Phillip Morris is soon to have its day before the United States Supreme Court.
During the past 40 years, the tobacco industry has engaged in an aggressive, expensive and largely successful campaign to defeat efforts to hold it accountable in the courts for the enormous harm caused by its conduct and its products. In Philip Morris USA Inc. v. Williams, the plaintiff smoker achieved a rare victory, and Philip Morris is now asking the United States Supreme Court to reverse the $79.5 million in punitive damages awarded by the state courts in Oregon.
As the scientific and medical evidence indicting smoking as a cause of cancer mounted in the early 1950s, the tobacco companies recognized the threat to their market and profits. In response, the leading companies adopted a no-holds-barred litigation strategy. To complement that hard-nosed approach, the tobacco companies jointly agreed to undertake a “long term” public relations campaign to publicly dispute the connection between smoking and cancer. This campaign’s central theme was that whether smoking caused disease remained an “open controversy.” In a program designed and run by the industry’s lawyers, the companies used a so-called “independent” research organization to support the few scientists willing to criticize the consensus view on the witness stand and in public. In fact, the industry’s own internal documents demonstrate the tobacco companies themselves recognized the causal connection between smoking and cancer during the 1950s.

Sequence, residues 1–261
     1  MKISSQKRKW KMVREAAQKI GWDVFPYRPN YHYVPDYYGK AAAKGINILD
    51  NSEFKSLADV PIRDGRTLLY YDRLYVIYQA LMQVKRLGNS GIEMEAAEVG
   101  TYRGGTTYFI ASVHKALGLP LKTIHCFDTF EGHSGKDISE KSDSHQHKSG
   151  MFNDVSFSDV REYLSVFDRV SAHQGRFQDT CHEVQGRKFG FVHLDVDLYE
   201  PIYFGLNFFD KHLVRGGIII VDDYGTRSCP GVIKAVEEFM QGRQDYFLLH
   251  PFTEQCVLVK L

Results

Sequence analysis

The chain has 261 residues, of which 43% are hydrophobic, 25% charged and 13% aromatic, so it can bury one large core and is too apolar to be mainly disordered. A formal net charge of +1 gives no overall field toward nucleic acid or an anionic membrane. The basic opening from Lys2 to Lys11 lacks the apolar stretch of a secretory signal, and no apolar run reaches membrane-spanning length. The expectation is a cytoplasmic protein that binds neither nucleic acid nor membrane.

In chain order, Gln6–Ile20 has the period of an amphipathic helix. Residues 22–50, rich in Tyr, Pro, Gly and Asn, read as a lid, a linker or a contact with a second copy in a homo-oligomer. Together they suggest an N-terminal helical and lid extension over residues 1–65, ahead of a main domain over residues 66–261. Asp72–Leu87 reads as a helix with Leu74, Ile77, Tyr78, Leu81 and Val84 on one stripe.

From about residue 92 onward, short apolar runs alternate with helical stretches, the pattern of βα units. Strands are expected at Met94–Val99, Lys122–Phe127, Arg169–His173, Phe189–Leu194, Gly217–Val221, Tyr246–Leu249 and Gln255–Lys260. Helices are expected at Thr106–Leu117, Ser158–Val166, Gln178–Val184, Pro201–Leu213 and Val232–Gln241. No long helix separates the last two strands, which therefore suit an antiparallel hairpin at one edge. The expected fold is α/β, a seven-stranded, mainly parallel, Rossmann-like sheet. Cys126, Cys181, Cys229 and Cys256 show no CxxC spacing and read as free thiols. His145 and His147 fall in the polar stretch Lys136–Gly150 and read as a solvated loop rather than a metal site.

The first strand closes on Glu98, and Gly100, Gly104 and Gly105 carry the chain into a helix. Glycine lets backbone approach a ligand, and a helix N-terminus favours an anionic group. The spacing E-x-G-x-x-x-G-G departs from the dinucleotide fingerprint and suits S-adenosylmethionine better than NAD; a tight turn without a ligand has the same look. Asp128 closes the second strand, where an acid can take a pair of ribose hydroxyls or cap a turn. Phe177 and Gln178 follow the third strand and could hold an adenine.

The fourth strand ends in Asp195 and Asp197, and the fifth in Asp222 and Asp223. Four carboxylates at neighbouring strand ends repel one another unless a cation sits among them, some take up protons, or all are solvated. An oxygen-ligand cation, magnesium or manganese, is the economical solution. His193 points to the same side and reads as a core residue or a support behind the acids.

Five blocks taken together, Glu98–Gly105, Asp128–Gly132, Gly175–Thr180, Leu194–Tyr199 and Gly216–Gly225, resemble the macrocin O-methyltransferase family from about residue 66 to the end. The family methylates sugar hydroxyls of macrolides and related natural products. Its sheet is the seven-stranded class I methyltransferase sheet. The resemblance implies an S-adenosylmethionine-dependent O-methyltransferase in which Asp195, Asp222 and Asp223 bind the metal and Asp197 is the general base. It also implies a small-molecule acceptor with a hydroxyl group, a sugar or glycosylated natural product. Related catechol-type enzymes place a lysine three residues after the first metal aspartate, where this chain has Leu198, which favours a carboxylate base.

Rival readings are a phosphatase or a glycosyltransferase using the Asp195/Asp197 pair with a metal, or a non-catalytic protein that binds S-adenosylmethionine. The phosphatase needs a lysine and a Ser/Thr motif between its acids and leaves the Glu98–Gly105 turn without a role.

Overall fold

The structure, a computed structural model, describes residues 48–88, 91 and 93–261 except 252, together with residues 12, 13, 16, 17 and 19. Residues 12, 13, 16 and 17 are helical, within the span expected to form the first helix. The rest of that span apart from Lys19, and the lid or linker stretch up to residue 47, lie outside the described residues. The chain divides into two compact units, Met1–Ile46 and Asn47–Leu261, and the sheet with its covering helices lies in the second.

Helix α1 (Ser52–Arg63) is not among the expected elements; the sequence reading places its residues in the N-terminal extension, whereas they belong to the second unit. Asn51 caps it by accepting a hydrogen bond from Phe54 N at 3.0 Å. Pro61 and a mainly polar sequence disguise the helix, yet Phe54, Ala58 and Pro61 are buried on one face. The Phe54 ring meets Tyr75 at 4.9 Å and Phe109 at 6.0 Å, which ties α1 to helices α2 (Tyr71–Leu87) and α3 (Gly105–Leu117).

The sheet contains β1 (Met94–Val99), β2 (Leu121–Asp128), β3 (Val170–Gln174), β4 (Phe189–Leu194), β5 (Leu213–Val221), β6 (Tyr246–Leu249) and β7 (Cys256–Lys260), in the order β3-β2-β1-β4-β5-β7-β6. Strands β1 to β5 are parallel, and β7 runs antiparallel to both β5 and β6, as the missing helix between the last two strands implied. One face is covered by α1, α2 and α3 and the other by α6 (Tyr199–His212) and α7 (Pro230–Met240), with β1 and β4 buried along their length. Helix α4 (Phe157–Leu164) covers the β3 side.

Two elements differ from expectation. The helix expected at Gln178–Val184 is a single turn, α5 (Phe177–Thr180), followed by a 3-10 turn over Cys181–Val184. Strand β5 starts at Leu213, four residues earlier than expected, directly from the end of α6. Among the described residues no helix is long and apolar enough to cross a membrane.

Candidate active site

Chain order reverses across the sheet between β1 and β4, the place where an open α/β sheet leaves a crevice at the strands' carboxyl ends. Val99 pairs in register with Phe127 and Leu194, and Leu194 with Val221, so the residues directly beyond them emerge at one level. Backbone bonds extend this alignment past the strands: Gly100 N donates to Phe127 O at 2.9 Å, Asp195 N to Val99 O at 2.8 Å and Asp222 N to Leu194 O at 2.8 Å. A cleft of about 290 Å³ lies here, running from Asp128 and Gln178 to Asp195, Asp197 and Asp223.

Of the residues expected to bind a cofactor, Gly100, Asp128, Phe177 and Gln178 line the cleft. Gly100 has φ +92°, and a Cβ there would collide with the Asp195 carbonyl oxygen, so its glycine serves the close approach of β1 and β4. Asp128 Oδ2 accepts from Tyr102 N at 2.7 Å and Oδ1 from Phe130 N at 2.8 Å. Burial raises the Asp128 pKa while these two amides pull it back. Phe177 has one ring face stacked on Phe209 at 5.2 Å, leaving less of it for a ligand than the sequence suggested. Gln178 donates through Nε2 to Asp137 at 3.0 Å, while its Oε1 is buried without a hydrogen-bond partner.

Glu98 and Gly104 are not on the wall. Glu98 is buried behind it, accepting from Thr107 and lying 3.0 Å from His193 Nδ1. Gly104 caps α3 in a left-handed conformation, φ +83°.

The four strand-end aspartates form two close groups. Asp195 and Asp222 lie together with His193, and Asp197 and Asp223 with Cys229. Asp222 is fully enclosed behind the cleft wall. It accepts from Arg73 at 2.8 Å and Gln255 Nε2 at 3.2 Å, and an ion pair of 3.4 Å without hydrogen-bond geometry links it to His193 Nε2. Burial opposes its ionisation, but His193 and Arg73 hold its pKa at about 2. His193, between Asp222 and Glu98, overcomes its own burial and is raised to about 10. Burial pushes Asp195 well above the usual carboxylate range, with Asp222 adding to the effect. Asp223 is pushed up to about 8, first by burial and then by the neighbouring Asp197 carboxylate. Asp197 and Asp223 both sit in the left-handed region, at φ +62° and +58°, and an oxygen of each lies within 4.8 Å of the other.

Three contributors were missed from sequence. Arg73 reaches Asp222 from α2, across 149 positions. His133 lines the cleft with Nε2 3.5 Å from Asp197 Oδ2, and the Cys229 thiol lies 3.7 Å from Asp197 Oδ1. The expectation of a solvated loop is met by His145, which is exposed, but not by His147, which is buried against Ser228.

Big Tobacco engaged in fraudulent marketing for years. Now it seeks to avoid the verdict of an Oregon jury which has been upheld by the state appellate courts. The United States Supreme Court should leave justice in Oregon to the citizens and courts of that state.